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Gülen followers face investigation for alleged arranged marriages

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Cevheri Güven

“Who introduced you to your spouse?” is one of the questions routinely asked during the interrogation of people detained as part of investigations into the Gülen movement in Turkey. This seemingly odd question about private life is connected to the mass incarceration of thousands of people in the country. A police operation on the morning of Jan. 26 that led to the detention of 19 upon warrants issued by Ankara prosecutors was just one example.

The detainees are charged with forming the “marriage network” of the Gülen group, which is accused by the Turkish government of orchestrating a failed coup in July 2016 despite its denial of any involvement. According to the prosecutors, the suspects taken into custody were involved in efforts to help single Gülen movement followers get married.

“In the framework of investigations into FETÖ’s current marriage network, detention warrants have been issued in Ankara for 19 suspects across 13 provinces who have been identified in informant testimonies as being affiliated with the FETÖ/PDY,” the Ankara Chief Prosecutor’s Office said in a written statement, using the derogatory terminology that the Turkish government and authorities have adopted to refer to the group.

Intel criteria for identifying Gülen followers

Family is also one of the fields that the National Intelligence Organization (MİT) looks into as part of their efforts to uncover members of the faith-based group. Having a handicapped child is also one of MİT’s criteria as Gülen followers often choose not to abort their handicapped babies out of religious considerations.

Another criterion is how the spouses met each other. If the couple was introduced to each other with the help of a Gülen follower, the entire family is identified as such.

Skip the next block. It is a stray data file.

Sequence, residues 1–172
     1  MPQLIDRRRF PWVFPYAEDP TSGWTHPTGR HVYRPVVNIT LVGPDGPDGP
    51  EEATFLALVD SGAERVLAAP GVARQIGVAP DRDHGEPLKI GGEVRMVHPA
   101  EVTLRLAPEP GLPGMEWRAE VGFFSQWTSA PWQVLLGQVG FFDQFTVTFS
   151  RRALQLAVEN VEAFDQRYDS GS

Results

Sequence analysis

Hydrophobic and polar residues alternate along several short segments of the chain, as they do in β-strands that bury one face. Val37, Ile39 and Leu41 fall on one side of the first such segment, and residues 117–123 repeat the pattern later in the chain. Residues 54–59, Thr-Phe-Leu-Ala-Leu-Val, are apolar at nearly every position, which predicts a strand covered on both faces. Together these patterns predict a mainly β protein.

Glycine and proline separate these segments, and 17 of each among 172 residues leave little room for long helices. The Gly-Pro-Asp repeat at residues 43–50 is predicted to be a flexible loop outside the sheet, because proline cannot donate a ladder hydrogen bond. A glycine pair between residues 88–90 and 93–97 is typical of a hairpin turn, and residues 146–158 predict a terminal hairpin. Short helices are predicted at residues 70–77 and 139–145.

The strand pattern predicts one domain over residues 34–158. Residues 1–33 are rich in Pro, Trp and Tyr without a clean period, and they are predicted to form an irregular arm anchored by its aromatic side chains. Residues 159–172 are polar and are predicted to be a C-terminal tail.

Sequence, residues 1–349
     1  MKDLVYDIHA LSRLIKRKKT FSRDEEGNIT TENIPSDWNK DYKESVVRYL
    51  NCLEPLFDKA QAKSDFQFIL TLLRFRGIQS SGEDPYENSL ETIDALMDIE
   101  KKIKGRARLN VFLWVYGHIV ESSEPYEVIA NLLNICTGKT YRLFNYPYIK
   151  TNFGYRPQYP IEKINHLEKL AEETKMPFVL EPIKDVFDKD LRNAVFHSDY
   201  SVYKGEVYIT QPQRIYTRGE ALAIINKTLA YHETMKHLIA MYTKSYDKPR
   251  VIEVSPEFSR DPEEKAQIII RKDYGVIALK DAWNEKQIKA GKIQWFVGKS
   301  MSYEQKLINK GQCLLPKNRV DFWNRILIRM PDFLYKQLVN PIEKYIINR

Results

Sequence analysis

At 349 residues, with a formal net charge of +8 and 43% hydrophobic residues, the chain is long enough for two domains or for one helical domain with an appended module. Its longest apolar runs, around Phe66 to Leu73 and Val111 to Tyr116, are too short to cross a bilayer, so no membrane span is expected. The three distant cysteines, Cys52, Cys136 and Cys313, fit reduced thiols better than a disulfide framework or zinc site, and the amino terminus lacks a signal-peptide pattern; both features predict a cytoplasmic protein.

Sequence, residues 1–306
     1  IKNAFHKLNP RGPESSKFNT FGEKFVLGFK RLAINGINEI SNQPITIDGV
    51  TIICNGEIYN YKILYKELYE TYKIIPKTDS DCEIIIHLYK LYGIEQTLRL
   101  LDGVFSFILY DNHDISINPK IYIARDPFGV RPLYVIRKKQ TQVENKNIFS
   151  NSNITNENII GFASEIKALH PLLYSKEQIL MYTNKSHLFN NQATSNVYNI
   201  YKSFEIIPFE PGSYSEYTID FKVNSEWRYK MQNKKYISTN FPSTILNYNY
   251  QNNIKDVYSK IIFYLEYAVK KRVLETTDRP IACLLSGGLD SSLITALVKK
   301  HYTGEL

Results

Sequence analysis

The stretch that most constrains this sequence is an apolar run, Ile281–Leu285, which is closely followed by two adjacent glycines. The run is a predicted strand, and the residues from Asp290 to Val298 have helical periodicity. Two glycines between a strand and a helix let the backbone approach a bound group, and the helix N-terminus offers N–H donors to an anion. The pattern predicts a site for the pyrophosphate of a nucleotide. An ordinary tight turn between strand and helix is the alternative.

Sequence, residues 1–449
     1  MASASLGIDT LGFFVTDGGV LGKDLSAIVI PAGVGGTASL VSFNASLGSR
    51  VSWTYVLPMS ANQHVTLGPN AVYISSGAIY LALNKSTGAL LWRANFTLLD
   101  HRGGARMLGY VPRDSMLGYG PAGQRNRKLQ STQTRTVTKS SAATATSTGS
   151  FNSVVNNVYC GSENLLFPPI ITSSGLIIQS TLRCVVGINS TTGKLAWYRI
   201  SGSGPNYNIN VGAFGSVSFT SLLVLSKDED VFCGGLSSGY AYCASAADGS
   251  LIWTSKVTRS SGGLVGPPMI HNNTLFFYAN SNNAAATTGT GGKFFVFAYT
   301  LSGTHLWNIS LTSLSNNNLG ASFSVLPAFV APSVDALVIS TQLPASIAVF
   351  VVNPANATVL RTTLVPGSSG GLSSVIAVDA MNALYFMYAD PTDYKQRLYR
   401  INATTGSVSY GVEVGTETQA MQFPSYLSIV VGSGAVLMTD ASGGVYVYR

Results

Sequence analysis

Coming from a modest socioeconomic background and climbing up in society is also one of the criteria. For instance, high-ranking civil servants or military officers who grew up in rural areas and in families without other high-level bureaucrats are also suspected.

Getting an education abroad and speaking foreign languages are also listed as criteria as many Gülen followers, particularly those in public service, have gone abroad for education at some point in their lives and their linguistic skills are often above the national average.

Among the many criteria, those who fulfill at least three are usually identified as suspected Gülen movement members and referred by prosecutors to courts for arrest.

Police registering stories of marriage

According to Interior Ministry data, some 550,000 people in Turkey have been the subject of Gülen-related investigations, and about 170,000 have thus far been arrested for varying periods of time. Some 30,000 are currently held behind bars, and thousands of cases are still pending before courts.

Questions about marriage are included in a blueprint list of questions compiled for the interrogation of allegedly Gülen-affiliated detainees. Along with questions regarding whether the suspects had accounts at the Gülen-linked Bank Asya or went to a Gülen-affiliated school, they are also asked how they met their spouses. The suspects’ stories about their relationship and marriage are included in their interrogation files. If suspects reveal that they were introduced to their spouses by means of an identified Gülen follower, their marriage is flagged in the investigation as an “organizationally arranged marriage.”

With hundreds of thousands of followers and sympathizers, over 90 percent of whom are university graduates, the movement comprises one of the best-educated segments of Turkish society, where the national average of the university-educated is at 13.9 percent.

In the beginning, members of the group had a hard time grasping the reason behind the questions dealing with their private life. When sports teacher Semra Polat was detained in 2017, she was unaware of the family-related criteria. Polat was asked how she met her husband, which she found ridiculous. After many Gülen followers faced criminal charges arising from their marriages, members of the group now expect to be interrogated about their private lives if or when they are detained.

The strictest marriage-related monitoring was conducted in the Turkish Armed Forces (TSK) where, according to a February 2017 report by the pro-government Milliyet newspaper, military officers whose spouses were doctors or judges were listed as suspected Gülen followers by Ankara prosecutors as their marriage was found to be “unnatural.”

Criminal criteria specifically tailored for Gülen followers

Living under immense pressure and excluded from social life for the last few years, Gülen member marriages and cohabitation are treated by authorities as criminal organization activity. Over the last two years, mass detention operations targeting student houses have been presented by the authorities and the pro-government media as “re-structuring,” meaning new efforts by Gülen members to reorganize among themselves, and investigations into marriages have been introduced by using the term “marriage network.”

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